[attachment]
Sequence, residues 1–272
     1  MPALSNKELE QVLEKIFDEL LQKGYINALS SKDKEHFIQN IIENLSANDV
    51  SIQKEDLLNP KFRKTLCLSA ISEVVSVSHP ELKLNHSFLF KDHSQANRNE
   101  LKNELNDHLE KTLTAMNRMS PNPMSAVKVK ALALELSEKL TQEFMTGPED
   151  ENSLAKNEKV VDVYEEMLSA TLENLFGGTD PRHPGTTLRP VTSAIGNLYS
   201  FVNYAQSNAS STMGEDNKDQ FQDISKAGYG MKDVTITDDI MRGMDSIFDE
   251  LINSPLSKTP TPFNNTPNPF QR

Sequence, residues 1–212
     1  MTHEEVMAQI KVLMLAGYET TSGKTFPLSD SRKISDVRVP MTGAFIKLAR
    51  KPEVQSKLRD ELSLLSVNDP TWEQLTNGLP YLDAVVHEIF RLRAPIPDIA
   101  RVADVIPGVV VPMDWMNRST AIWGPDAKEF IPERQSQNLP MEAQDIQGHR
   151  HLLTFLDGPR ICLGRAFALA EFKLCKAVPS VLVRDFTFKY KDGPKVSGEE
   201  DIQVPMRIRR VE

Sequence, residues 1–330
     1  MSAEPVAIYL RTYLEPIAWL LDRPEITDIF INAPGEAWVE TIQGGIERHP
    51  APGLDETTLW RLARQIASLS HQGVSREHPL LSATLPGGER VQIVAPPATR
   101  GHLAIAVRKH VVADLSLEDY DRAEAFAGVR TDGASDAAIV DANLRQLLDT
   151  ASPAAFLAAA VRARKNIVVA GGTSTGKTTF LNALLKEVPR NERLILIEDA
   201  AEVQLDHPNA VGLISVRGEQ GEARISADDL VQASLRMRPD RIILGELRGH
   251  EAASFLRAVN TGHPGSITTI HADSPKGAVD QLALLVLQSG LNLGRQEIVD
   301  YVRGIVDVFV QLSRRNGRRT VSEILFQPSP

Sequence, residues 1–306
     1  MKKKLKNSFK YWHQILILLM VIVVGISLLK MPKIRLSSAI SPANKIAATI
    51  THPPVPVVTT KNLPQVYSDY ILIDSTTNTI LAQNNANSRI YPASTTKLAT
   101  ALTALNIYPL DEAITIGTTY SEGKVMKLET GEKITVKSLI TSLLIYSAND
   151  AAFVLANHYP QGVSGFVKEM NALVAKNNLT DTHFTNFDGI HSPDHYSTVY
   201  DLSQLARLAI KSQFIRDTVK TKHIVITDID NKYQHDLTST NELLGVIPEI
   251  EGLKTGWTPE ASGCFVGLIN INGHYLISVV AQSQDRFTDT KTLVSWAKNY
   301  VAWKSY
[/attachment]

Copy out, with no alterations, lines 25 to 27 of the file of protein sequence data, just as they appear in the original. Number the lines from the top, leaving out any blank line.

   101  ALTALNIYPL DEAITIGTTY SEGKVMKLET GEKITVKSLI TSLLIYSAND
   151  AAFVLANHYP QGVSGFVKEM NALVAKNNLT DTHFTNFDGI HSPDHYSTVY
   201  DLSQLARLAI KSQFIRDTVK TKHIVITDID NKYQHDLTST NELLGVIPEI